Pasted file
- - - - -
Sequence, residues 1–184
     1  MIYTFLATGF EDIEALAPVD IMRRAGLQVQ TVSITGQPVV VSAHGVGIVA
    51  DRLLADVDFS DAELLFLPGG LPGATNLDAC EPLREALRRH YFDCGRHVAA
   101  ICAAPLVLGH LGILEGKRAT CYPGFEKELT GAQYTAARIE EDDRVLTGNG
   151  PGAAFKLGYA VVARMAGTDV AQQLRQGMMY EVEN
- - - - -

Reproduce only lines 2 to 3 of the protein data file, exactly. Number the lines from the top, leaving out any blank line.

     1  MIYTFLATGF EDIEALAPVD IMRRAGLQVQ TVSITGQPVV VSAHGVGIVA
    51  DRLLADVDFS DAELLFLPGG LPGATNLDAC EPLREALRRH YFDCGRHVAA